|10:45am - 11:45am
||The Story of Jerome Tiger
| Location: Muskogee Civic Center, 425 Boston St.
Room: Meeting Room E
Presenters: Sean Barney - Presenter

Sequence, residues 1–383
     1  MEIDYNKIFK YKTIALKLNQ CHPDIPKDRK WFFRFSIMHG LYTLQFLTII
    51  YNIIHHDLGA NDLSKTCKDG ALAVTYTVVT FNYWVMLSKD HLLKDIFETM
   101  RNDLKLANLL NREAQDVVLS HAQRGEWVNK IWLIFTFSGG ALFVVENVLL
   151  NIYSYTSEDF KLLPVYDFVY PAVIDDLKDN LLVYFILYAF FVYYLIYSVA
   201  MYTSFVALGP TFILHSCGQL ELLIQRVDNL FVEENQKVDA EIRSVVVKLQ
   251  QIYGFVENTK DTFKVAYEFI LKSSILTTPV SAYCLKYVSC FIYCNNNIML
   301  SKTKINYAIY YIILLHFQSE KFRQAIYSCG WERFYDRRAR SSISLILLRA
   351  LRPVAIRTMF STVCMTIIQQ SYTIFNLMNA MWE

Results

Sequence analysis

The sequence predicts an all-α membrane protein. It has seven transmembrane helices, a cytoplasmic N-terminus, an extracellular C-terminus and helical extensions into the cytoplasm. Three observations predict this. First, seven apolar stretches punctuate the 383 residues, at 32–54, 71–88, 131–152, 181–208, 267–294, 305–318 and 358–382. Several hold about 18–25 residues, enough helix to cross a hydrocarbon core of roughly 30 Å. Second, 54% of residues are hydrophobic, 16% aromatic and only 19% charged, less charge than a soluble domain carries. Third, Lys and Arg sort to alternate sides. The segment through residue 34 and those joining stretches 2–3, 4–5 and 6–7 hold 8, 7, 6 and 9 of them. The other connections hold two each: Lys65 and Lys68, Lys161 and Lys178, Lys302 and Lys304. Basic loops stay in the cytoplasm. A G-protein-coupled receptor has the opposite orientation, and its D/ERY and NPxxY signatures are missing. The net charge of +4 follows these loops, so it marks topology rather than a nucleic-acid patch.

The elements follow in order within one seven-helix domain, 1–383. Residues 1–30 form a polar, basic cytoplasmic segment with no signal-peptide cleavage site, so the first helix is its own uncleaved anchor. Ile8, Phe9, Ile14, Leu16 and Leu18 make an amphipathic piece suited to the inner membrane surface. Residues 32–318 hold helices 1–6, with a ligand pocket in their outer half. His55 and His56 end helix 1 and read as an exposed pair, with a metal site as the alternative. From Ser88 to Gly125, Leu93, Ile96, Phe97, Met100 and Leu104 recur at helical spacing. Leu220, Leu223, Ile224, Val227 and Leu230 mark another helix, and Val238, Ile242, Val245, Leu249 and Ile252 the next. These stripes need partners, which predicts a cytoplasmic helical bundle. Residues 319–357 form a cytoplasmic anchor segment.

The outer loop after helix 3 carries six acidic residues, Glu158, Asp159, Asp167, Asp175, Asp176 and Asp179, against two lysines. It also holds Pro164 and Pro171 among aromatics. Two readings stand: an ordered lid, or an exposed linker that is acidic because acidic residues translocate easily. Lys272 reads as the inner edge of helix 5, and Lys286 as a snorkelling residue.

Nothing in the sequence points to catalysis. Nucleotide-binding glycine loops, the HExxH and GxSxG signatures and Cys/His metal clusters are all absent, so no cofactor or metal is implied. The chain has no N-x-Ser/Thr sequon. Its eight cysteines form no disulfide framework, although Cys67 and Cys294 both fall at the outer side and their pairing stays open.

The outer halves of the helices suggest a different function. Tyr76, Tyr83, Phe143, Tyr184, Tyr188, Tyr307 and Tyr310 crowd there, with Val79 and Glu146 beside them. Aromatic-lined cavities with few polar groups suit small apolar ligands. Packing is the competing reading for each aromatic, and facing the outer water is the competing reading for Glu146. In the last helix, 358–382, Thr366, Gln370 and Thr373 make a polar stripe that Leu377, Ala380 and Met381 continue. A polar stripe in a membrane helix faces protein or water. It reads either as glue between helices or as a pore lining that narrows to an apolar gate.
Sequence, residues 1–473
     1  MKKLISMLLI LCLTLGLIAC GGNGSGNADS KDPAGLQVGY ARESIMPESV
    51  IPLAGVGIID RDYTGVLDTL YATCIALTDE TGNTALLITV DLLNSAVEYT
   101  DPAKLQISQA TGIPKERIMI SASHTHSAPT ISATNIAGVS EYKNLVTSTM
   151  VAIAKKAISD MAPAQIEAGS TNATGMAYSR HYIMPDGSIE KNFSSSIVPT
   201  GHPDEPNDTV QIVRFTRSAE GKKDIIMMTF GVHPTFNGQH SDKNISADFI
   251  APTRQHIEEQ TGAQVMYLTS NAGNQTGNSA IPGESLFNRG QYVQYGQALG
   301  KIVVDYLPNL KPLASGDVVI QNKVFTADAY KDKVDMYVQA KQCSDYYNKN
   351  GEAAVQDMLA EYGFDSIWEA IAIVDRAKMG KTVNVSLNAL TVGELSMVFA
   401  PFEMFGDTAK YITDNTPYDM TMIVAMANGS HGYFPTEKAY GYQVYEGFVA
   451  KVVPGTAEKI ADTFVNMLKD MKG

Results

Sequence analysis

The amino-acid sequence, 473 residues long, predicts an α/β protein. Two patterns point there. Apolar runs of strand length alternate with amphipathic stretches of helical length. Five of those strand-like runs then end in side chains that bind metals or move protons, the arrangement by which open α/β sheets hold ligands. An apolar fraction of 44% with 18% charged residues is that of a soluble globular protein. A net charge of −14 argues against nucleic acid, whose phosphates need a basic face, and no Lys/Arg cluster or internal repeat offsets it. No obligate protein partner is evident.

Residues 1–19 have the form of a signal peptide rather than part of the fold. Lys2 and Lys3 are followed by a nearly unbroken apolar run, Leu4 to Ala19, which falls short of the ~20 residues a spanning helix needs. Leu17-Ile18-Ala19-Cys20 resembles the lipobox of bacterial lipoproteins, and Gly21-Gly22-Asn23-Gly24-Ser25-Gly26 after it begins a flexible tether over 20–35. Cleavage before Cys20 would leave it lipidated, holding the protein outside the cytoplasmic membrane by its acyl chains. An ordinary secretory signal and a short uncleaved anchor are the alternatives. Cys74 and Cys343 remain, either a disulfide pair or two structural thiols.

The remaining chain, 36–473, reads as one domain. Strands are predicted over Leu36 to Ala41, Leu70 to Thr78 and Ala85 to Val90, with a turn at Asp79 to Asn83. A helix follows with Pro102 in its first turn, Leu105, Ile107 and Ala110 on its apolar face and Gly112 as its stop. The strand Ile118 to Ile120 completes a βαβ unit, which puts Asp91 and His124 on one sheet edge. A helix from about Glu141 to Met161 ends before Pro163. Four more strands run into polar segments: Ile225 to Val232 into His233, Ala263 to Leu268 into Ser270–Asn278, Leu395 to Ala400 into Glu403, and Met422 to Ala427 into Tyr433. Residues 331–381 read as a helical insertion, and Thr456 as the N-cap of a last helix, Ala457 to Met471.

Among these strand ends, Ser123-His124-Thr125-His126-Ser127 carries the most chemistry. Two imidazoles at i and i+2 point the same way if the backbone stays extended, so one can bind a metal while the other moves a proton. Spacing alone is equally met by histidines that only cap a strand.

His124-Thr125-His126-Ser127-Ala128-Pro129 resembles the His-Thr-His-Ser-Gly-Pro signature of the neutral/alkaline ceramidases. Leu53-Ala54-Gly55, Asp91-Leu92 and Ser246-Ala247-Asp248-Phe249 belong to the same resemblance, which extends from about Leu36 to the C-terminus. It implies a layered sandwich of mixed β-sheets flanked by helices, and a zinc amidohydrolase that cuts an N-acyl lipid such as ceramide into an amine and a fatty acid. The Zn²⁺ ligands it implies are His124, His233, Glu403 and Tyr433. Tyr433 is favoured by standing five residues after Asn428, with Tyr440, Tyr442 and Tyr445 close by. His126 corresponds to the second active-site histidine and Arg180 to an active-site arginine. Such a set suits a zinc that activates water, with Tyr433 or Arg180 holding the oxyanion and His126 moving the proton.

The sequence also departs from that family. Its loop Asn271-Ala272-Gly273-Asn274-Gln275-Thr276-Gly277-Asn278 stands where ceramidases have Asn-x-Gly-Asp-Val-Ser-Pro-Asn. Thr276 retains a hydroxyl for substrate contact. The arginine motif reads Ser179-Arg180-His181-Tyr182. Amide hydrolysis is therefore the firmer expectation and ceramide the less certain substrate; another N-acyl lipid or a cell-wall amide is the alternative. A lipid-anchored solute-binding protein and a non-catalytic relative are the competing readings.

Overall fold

|Born in Tahlequah on July 8, 1941, Jerome Richard Tiger was a highly influential Native American painter from Muskogee who changed the way Native American people and life were represented in art. Tiger produced hundreds of paintings from 1962 until his death in 1967, at the age of 26. Tiger was a fullblood Muscogee-Seminole. English was not his first language, and he dropped out of high school at the age of 16. Tiger's style is said to be a combination of "spiritual vision, humane understanding, and technical virtuosity" but with traditional subject matter and composition. Tiger was compared to Rembrandt and Francisco Goya because of his ability to draw an object or person after a short glance. He worked in oil, watercolor, tempera, casein, pencil, and pen and ink. His paintings first gained recognition at the Philbrook Museum of Art in Tulsa. In 1966, the museum displayed a solo exhibit of Tiger's art. This art talk led by Sean Barney, director of the Five Civilized Tribes Museum, will explore the life and work of Jerome Tiger, one of Oklahoma’s most influential artists. |